taken in burette until colour changes from yellow to violet. (Nickel complexes rather slowly with EDTA and
consequently the EDTA solution must be added drop wise near the end point). Repeat the titration to get
concordant value. From the strength of Nickel sulphate solution calculate the strength of EDTA.

Titration II: Estimation of Nickel
Transfer the given nickel alloy solution into a clean 100ml standard flask quantitaively and make upto
the mark using distilled water. Pipette out 20ml of made up nickel alloy solution into a clean conical flask. Add a
pinch of Murexide indicator and 10ml of 1M ammonium chloride solution and then add concentrated ammonia
solution drop wise till the pH is about 7 as shown by yellow colour of the solution. Titrate the mixture against
standardised EDTA taken in burette until colour changes from yellow to violet. Repeat the titration to get
concordant value. Calculate the strength of nickel solution by using strength of EDTA and hence the amount of
nickel present in the given solution.

Titration II: Estimation of Nickel

S. No. Volume of Nickel Sulphate
(ml)
Burette reading (ml) Volume of
EDTA(ml) Initial Final

Calculation

Volume of EDTA =
Normality of EDTA =
Volume of NiSO4 =
Normality of NiSO4 =--------------------N

The amount of Nickel present in the whole of given solution =(Normality x Eq.Wt)/10

=----------------------g.

Result:
The amount of nickel present in the whole of the given solution = g.

Experiment No4.. Date:.
Objective: To determine the concentration of iron in water sample by spectrophotometric method.
Requirements: Spectrophotometer. Stock solution of Fe
3+
ions, conc. HCl, Potassium thiocyanate.
Principle: The colorimetric determination of iron using KCNS as colour developing agent is based on the
formation of a red coloured complex between Fe3+ and CNS
-
ions
Fe
3+
+ 3CNS [Fe (CNS)]
2+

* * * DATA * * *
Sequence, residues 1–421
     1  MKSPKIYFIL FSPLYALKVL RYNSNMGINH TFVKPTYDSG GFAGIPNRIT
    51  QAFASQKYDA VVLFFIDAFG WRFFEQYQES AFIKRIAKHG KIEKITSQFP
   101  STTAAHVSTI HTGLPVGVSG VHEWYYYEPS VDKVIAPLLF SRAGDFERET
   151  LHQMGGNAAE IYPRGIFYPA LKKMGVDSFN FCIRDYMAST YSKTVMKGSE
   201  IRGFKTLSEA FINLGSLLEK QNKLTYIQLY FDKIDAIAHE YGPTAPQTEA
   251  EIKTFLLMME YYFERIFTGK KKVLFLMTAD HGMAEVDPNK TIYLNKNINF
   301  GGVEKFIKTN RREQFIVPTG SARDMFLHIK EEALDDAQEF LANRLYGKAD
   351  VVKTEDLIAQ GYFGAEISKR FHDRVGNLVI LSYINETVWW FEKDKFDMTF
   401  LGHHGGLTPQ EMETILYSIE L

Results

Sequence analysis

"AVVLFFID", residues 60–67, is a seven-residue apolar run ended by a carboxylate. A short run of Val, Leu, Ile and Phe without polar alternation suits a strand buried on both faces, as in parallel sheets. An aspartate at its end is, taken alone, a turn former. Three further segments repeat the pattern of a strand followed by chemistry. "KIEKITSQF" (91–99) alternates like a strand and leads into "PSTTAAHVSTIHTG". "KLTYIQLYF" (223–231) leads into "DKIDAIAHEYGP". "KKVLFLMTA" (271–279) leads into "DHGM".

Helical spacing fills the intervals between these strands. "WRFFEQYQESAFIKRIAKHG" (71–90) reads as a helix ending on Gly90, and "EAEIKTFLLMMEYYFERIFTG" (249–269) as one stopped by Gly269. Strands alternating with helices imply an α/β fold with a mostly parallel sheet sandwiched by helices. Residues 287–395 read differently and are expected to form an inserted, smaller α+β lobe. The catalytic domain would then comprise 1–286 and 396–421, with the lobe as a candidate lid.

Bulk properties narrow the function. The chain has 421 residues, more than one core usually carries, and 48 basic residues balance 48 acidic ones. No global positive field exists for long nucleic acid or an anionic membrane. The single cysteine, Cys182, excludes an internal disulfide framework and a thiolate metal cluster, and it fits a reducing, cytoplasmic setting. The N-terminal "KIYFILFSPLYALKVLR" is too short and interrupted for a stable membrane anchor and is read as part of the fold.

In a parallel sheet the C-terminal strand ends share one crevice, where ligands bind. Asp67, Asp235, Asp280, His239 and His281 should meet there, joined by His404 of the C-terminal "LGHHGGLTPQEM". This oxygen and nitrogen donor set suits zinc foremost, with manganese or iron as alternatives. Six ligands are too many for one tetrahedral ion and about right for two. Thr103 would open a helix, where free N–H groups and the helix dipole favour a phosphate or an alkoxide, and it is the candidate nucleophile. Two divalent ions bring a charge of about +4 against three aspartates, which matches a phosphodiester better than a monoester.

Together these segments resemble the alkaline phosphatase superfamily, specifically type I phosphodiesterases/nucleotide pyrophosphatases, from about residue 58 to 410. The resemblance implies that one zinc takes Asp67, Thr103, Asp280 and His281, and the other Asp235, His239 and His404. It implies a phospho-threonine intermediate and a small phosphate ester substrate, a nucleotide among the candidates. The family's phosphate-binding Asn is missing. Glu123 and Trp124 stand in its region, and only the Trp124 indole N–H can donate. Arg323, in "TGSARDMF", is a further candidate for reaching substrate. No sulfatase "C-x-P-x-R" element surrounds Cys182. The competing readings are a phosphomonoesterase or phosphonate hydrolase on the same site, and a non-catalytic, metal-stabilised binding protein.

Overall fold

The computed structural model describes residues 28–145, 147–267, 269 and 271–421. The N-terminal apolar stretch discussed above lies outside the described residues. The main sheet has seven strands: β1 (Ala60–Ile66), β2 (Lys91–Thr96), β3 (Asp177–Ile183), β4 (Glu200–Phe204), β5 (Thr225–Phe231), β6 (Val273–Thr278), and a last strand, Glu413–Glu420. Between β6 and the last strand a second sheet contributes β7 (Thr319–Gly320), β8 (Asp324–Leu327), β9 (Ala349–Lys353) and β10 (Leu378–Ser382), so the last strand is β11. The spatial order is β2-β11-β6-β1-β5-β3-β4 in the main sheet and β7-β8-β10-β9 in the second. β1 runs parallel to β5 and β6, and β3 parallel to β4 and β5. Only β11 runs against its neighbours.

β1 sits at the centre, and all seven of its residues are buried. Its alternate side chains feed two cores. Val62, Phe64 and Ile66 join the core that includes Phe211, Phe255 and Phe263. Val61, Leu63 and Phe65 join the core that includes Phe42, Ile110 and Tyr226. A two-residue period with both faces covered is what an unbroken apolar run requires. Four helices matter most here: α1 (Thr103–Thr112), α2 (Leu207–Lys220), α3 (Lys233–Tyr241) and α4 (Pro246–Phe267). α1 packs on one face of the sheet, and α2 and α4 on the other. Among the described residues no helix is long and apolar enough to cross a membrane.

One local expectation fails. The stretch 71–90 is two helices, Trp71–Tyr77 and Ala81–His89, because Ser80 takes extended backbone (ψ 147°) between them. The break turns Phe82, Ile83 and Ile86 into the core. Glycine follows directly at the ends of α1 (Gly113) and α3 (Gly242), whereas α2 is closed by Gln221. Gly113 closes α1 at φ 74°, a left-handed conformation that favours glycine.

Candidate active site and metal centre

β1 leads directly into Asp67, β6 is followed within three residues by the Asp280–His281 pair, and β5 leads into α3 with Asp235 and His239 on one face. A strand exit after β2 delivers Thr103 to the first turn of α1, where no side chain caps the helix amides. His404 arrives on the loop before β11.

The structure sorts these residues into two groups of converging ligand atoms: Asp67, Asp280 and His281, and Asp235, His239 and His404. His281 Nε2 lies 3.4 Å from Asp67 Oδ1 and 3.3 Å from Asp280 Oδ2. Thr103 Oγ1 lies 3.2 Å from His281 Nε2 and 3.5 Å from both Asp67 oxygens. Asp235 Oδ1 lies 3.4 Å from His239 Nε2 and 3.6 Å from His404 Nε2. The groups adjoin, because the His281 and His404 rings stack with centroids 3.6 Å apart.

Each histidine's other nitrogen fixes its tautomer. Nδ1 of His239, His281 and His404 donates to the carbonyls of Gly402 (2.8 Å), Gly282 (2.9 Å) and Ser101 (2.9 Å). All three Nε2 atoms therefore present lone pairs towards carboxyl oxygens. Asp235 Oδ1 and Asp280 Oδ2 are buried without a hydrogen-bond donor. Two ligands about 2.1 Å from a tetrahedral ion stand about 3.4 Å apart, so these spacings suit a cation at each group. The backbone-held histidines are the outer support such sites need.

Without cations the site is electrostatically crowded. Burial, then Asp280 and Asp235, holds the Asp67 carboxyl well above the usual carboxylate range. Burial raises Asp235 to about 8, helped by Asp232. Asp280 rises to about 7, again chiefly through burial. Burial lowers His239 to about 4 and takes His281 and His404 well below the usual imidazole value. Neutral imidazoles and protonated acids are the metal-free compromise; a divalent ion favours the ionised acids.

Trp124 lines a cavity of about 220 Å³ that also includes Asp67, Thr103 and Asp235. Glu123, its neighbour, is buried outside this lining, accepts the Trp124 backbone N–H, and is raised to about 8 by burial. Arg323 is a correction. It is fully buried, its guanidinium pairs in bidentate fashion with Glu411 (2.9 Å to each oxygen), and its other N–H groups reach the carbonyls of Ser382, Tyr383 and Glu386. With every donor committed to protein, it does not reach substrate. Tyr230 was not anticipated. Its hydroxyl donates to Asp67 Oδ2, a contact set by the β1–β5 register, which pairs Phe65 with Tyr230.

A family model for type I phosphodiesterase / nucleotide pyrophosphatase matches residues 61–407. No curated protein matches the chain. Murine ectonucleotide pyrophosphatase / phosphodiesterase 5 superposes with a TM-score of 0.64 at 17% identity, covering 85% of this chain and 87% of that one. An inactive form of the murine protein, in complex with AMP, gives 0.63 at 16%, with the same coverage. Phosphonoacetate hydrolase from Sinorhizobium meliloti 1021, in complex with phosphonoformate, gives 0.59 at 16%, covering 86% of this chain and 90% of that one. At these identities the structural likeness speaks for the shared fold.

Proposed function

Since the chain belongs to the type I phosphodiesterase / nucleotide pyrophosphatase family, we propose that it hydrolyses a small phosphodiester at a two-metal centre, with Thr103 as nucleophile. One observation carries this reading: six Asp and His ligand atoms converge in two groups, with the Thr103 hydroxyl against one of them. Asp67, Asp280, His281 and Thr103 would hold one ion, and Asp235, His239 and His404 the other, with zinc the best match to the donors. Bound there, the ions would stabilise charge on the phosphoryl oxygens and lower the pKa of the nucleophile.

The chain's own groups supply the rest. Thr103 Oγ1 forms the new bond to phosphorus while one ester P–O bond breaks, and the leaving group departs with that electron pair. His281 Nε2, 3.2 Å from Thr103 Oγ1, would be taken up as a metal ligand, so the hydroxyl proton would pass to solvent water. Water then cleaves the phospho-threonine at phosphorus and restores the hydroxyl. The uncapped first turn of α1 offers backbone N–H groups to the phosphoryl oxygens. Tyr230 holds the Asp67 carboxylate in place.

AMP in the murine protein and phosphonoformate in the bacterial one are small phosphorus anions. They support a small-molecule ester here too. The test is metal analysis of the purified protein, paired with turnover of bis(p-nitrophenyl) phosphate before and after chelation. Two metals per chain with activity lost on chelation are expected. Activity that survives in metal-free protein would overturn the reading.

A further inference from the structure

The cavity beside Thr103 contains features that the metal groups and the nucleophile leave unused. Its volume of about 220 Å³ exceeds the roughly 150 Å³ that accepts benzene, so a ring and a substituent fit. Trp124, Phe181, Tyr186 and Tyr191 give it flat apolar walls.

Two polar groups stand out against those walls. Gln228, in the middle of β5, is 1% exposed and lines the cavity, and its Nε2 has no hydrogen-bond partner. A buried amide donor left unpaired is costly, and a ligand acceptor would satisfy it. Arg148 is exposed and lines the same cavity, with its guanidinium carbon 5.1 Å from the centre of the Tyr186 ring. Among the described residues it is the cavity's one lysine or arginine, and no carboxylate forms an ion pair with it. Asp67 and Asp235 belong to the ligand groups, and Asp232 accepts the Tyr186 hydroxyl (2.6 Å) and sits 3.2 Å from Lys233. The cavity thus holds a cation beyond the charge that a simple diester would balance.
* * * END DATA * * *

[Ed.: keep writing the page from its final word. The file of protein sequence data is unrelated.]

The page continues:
Red
In the determination of iron in the water sample, a series of standard solutions having iron is treated with KCNS
to get iron-thiocyanate complex. The absorbance of all the standard solution prepared is noted at max 480 nm
because iron-thiocyanate complex shows maximum absorbance at this wavelength. Now the absorbance for the
unknown solution is also determined. A graph is plotted against the absorbance (OD) against the concentrations
of the known solutions. From the graph the concentration of the unknown solution can be found out.
Procedure:
1. Set the Spectrophotometer and adjust the wavelength to 480 nm.
2. Prepare the stock solution of Fe
3+
ions by dissolving 2.0g of ferric ammonium sulphate in 50 ml of
distilled water and 10 ml. of conc. HC1. HCl is added to suppress the hydrolysis of ferric ammonium
sulphate.
3. Take the stock solution in the burette and prepare 5 solutions of different known concentrations by
diluting the above stock solution in five different flasks.
4. Transfer 1 ml solution of standard stock solution to 50 ml measuring flask and add 10 ml of
thiocyanate solution. Dilute the solution to 50 ml.
5. Repeat the process (step 4) with the solutions of other concentrations prepared above and also with the
unknown sample.
6. Prepare the blank solution by dissolving 10 ml of thiocyanate solution in distilled water and making the
volume to 50 ml.